[Var. Mus alexandrinus.—This variety is a duplicate in size and build of the preceding. It is by no means common; I have had less than a dozen examples in all. Most of these came from one large smacks' store-house. The general colour was grey, becoming dirty white below, and inclining to a decided brown upon the backs of some. Gradations from M. decumanus to M. rattus are not found, nor are any of the physical characteristics of M. decumanus observed in this.]
Brown Rat (M. decumanus). C.—"Grey" would be preferable to "Brown." Will undoubtedly increase in proportion to the extirpation of the Mustelidæ. It is a pity gamekeepers do not turn their attention to it rather than to its bonâ fide enemies, the Stoat, Owl, &c. Abounds on Breydon and the river "walls"; it here assumes a semi-aquatic life.
Common Field Vole (Microtus agrestis). C.—Unquestionably on the increase. Abundant on some marshes. Is the favourite prey of the Kestrel (Falco tinnunculus).
Water Vole (M. amphibius). C.—Found at almost every ditch-side. "The fact that the Water Vole is somewhat carnivorously inclined, or rather is piscivorous, I am fully satisfied, having observed them on several occasions devouring small fish left on a 'rond' beside my house-boat when moored in Kendall Dyke. They simply cleared the flesh from the bones. The late Sir E. Newton, in a letter some time previous, suggested the number of broken fresh-water Mussel shells (Anodonta cygnæa) as being the work of Voles. On Sept. 12th, 1896, I examined a number at Lound, when I was led to the conclusion that the animals were actually responsible. One valve only was broken, and that always on one particular side, presumably the easier side broken. The excrement of Voles lay against every little batch of broken mollusc." On one occasion I actually observed a Vole in the daytime endeavouring to drag a Mussel up the bank, and have since received a communication from West Norfolk which clearly pointed out the Vole as partial to Crayfish. Four white examples were killed at Haddiscoe in 1892 (L. Farman).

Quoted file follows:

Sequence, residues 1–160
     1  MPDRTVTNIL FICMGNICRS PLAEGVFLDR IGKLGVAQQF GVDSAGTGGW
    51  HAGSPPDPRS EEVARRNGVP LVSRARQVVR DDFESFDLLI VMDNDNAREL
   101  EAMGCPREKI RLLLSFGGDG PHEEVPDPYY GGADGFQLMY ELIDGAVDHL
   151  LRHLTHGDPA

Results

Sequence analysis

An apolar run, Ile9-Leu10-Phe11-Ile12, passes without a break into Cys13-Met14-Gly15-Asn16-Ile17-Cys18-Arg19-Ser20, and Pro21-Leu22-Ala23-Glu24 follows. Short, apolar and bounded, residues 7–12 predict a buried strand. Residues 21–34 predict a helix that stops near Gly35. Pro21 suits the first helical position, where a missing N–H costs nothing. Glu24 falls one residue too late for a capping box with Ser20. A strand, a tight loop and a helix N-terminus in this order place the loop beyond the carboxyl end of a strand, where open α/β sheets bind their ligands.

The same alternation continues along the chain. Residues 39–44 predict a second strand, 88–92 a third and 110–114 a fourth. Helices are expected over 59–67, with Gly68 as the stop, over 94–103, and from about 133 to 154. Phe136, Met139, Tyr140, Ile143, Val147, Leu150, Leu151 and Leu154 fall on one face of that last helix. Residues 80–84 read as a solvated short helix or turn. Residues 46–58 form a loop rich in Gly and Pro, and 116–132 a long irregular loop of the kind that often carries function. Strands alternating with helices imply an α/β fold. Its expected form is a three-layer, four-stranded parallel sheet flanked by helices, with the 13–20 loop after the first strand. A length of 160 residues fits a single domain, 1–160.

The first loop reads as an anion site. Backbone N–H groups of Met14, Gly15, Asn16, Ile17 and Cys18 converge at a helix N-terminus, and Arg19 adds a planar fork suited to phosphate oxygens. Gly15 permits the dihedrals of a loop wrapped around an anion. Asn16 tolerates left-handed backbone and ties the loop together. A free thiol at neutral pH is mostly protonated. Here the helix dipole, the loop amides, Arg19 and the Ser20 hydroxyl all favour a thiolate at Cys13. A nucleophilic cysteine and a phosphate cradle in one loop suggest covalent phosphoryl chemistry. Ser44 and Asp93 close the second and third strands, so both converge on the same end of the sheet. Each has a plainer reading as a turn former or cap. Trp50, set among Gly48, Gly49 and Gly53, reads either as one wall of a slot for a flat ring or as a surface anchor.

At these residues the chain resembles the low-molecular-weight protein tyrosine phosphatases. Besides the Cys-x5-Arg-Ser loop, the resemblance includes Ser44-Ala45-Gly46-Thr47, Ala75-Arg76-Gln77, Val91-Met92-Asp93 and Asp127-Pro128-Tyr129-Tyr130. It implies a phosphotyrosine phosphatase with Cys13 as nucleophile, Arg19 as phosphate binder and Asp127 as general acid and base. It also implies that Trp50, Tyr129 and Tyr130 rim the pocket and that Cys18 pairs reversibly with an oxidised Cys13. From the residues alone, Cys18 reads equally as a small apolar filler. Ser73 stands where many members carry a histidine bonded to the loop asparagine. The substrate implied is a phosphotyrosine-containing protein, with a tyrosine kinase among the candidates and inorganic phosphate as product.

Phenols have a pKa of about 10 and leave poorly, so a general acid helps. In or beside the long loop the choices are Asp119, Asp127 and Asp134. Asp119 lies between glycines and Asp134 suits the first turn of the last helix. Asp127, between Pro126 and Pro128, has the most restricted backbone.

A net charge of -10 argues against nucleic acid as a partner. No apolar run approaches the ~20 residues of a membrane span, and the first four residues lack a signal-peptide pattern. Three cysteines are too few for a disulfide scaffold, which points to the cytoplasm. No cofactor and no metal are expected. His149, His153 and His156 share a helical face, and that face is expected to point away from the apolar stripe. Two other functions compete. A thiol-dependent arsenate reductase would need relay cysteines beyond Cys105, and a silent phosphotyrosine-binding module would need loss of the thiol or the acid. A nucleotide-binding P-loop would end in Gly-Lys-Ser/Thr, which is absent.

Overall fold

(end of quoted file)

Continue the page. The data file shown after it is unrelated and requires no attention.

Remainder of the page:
Hare (Lepus timidus). F.C.—Becoming yearly scarcer. I frequently observed this species on the marshes before it was excluded from the game list. Appears, however, to be rather more numerous this year than for some time past. In 1887 Mr. Last Farman shot one at Haddiscoe, almost white in colour, weighing eleven pounds. A mottled Hare caught at Horsey, Nov. 28th, 1896.
Rabbit (L. cuniculus). C.—Abundant on the adjacent warrens. Prior to 1880 was frequent on the North Denes, but with the advent of rail and golfers, and the destruction of the furze, it disappeared. Prior to that date, in spring, young bucks not infrequently wandered to within the town boundary; and in the early eighties several made themselves notorious by locating in the cemetery, from which, for the sake of decency, it was found necessary to dislodge them. An earless example was taken in the neighbourhood two years ago, and is now in the Yarmouth Museum.
Common Seal (Phoca vitulina). R.R.—Sir Thomas Browne mentions the killing of a Seal at Surlingham Ferry, "having continued in the river for divers months before." At that time the Salmon was undoubtedly no stranger to the Norfolk rivers. "One [Seal] weighing fourteen stone killed, March, 1822" (Pagets). Of late years Seals appear to have increased in the Wash, where they are comparatively safe from molestation, and even the fishermen look upon them with no unfriendly feelings. Almost yearly during the past decade I have one or more records of occurrences, having drifted hither during heavy tides. In 1896 a coastguardsman killed a specimen sleeping on the beach with his sword-stick. Several have been shot. On Nov. 3rd, 1891, a Seal seized a codling fast to a line against the Yarmouth jetty. Two hooks fastened to it; in endeavouring to land it on the beach the "snoods" broke, and the animal got away.